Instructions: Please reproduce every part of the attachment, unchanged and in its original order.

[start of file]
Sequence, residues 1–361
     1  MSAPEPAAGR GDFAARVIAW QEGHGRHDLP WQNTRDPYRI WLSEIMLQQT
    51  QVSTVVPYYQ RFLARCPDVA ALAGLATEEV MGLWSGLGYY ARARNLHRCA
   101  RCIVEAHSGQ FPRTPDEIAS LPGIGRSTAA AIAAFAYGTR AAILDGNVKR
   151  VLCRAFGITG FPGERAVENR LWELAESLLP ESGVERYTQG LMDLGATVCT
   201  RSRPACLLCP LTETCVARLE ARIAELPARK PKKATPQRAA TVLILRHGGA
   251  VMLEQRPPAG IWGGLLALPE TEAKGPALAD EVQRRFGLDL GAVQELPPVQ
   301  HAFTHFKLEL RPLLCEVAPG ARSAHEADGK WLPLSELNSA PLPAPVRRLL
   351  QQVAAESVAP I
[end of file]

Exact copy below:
Sequence, residues 1–361
     1  MSAPEPAAGR GDFAARVIAW QEGHGRHDLP WQNTRDPYRI WLSEIMLQQT
    51  QVSTVVPYYQ RFLARCPDVA ALAGLATEEV MGLWSGLGYY ARARNLHRCA
   101  RCIVEAHSGQ FPRTPDEIAS LPGIGRSTAA AIAAFAYGTR AAILDGNVKR
   151  VLCRAFGITG FPGERAVENR LWELAESLLP ESGVERYTQG LMDLGATVCT
   201  RSRPACLLCP LTETCVARLE ARIAELPARK PKKATPQRAA TVLILRHGGA
   251  VMLEQRPPAG IWGGLLALPE TEAKGPALAD EVQRRFGLDL GAVQELPPVQ
   301  HAFTHFKLEL RPLLCEVAPG ARSAHEADGK WLPLSELNSA PLPAPVRRLL
   351  QQVAAESVAP I